(Persia Digest) - Kay Rodriguez writes in Jet Farer that while perusing the Internet for information about Iran, you might notice that travelers to Iran act and dress in certain ways that are pretty different than in Westernized countries. Don’t let these dress codes scare you out of visiting this beautiful country! With the right guide (aka this one), packing for Iran is as simple as going anywhere else! If you’re preparing for an upcoming trip to Iran, or are just curious what women and men should wear while traveling in Iran, read on for our ultimate Iran packing list.
Packing for Iran: Why is it Different Than Anywhere Else?
Traveling to Iran might feel intimidating, but once you arrive, you’ll be greeted with warm welcomes, friendly smiles, and incredible hospitality. However, traveling in Iran is unique in that the government has very particular regulations, in line with Islamic mandates, regarding dress codes and public behavior. Because of these rules, you will need to pack a little bit differently than you would if you were headed to other Muslim-majority countries like Turkey, Azerbaijan, or Morocco.
To make this post easier to navigate, I’ve split it up into four sections: (1) what NOT to bring to Iran, (2) essential data-x-items for all travelers, (3) what to bring to Iran as a female traveler, and (4) what to bring to Iran as a male traveler.
What NOT to Bring to Iran
You won’t find many packing lists that start with what NOT to bring, but because of the laws in place in Iran, it’s important to make sure your bases are covered. Below are a few things you should be sure you do not have with you while traveling in Iran. (Yes, this applies even if you’re coming overland from another country where they are legal.)
Your Passport With an Israeli Stamp
Due to the strained relationship between Iran and Israel, you’ll be denied a visa and stopped at immigration if you have an Israel stamp in your passport. However, if you enter Iran with a clean (i.e. Israel-free) passport, you shouldn’t have any problems.
Alcohol or Drugs
According to Iranian law, alcohol and drug use is strictly prohibited. Don’t try and bend the rules here. Get rid of any alcohol (even small bottles) you have in your bag. Before you enter Iran, throw a party for your friends or offer any leftover bottles up as a thanks to your waiter/cab driver/etc.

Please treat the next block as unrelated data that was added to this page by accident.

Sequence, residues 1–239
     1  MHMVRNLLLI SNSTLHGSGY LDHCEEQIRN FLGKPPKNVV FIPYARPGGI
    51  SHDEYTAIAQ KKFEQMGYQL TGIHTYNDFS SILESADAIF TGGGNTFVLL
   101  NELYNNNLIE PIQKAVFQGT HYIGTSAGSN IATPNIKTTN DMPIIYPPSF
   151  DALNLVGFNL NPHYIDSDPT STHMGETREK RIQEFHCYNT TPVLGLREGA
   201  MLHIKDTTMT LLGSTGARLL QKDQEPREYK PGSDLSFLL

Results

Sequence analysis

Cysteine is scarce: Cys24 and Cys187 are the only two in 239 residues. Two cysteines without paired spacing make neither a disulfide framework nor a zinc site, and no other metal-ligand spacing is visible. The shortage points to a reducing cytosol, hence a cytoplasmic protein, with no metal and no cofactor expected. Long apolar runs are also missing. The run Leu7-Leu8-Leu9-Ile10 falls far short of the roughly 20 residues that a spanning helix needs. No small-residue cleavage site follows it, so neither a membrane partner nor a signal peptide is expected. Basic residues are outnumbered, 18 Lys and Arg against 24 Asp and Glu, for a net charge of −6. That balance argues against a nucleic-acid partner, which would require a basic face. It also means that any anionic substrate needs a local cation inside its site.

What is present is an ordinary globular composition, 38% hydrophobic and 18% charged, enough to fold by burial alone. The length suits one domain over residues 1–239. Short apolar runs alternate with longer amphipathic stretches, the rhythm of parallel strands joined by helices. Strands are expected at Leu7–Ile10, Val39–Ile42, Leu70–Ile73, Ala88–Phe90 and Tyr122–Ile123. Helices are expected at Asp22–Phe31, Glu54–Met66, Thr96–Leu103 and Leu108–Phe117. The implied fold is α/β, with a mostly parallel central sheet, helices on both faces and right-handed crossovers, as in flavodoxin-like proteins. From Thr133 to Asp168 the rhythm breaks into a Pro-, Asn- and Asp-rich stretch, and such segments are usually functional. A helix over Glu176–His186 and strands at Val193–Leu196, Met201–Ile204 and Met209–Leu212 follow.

If you’re really missing your cold ones, Iran has some nice non-alcoholic beer varieties you can try. Malty, refreshing, and cheap, it’s a great way to get your cold sugar fix without breaking any rules. (It doesn’t really taste like beer, though…)
As an Islamic country, pork products are strictly prohibited. Hopefully, this won’t be a problem for you as most travelers don’t travel with a ham hock in their rucksacks. But just in case, be sure to leave your bacon jerky, ham sandwiches, etc. at home.
Going sleeveless in public is forbidden for both men and women in Iran, so you should definitely stow away your tank tops, halters, and bro tanks for a later time. You won’t have any issues if you bring these into Iran, but you will definitely get in trouble if you wear them without some kind of covering in public.
Now that that’s out of the way… see below what data-x-items you absolutely SHOULD pack for traveling in Iran.
Basic Packing List: Essential data-x-Items to Bring to Iran
An Unlocked Cell Phone
Most foreign SIMs are blocked in Iran, so you’ll need to purchase a SIM card once you arrive. In order to use an Iranian SIM, you need to make sure your phone is unlocked BEFORE you enter. Get in contact with your carrier to ensure your phone is unlocked, and if necessary, follow the instructions to unlock it.
An Electrical Adapter
Iran uses electrical sockets similar to Europe (two round prongs), so if you are coming from the US, the UK, or Canada, you’ll probably need an electronics adapter. Here’s a compact universal adapter that works well.
Sunscreen and Bug Spray
This is a no-brainer, but much of Iran is a desert. Be sure to protect yourself against direct sunlight and hungry bugs waiting to bite.
It’s extremely dry and sunny in Iran, so you’ll probably want to bring a good pair of durable, UV-protective sunglasses with you.
A Durable Day Bag
You’ll be out and about most of your days in Iran, so be sure to bring a durable, comfy day bag to put your things in. The smaller the better.
Sustainable Travel Items
You know I really heavily push for more sustainable travel, and packing for Iran is no exception. Bring all of your reusables, your compressables, etc. to cut down on single-use plastic waste. While I traveled in Iran, I didn’t do much of this and I really, REALLY regretted it. Don’t be like Kay! Use reusable data-x-items and reduce your plastic waste!